It probably goes without saying that being first to a developing market is a huge advantage. but once the competition sets in, it requires the ability to pivot and meet those challenges head on or risk losing the advantage completely. It's hard a lesson that cloud infrastructure pioneer Amazon Web Services has been learning lately.
AWS is not alone of course. It's a lesson Blackberry learned some years ago and one that Apple is learning now as iPad sales continue to drop in the face of increasing competition from cheaper Android tablets.
Amazon recently released their quarterly earnings statements and their numbers were disappointing. In a post on GigaOm, Barb Darrow suggested it's because of increasing competition from Google and Microsoft and changing business priorities on the part of bigger customers like Dropbox.
AWS has responded with price cuts, but that will only get you so far. "How low can Google and Amazon go?" could be the new parlor game, but it's not a great business model. In a race to the bottom everyone loses.
Back in 2008, when I first began to hear the term cloud in earnest, I remember seeing a panel with representatives from AWS, Google and Salesforce. It was such a new concept, nobody in the room really understood what cloud was and it took an educational effort to explain it and what the advantages of this approach were.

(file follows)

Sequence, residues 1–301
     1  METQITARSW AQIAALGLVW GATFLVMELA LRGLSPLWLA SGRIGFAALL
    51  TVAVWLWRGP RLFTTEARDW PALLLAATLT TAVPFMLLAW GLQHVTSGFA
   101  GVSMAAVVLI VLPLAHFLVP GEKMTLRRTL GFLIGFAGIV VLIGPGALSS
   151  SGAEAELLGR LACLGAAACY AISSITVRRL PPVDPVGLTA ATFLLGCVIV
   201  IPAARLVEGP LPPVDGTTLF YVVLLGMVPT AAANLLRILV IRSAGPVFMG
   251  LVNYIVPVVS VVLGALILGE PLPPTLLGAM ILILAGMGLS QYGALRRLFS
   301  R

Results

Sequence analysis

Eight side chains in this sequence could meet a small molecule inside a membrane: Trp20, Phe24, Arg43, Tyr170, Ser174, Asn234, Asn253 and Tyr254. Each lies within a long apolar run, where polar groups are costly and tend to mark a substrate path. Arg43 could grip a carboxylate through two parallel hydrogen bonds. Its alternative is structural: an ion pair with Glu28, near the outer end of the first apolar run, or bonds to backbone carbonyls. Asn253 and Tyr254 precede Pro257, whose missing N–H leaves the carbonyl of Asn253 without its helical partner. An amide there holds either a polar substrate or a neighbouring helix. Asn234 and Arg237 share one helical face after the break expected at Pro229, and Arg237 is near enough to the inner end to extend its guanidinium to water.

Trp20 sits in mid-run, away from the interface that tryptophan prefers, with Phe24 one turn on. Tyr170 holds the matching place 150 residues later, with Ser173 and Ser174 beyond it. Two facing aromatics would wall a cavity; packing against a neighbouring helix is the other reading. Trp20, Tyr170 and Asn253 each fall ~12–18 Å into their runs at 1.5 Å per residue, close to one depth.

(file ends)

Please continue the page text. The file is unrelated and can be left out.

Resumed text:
Fast forward 6 years and everyone knows what cloud is. When Amazon first came up with the notion of selling infrastructure services, it was a radical idea, but when something catches on, it won't take long for others to begin to imitate your model. That's what has happened to Amazon and its infrastructure services as Google, Microsoft, IBM, HP and others have jumped on board recognizing a good thing when they see it.
In fact, The Wall Street Journal reported that in spite of healthy 23 percent increase in revenue, Amazon still lost a hefty $126 million last quarter. The losses can't all be hung on the AWS unit of course, but it has been a contributor with revenue down from $1.2 billion the previous quarter to $1.17 billion.
As the article pointed out, this could be due in large part because of price cuts. It takes money to run a data operation as big as AWS and you can't keep cutting prices - even with ever-lower computing prices -without having some type of impact.
Ironically, AWS is actually growing according to reports, so it would appear it's not a lack of customers, but a lack of revenue due to the lower prices. AWS could in fact be a victim of its own success.
AWS is not a stand-alone company, of course. It's part of a much larger operation that is Amazon.com which has fingers in retail, book selling and publishing, music and video streaming, mobile phones and tablets and much more.
But as a cloud company, it's learning like other businesses that came before it, that you are not defined by who you are when you own the market. Instead you will be defined by how you react when the competition gets tougher. That's exactly what's happening now, and AWS has to find a way to step up.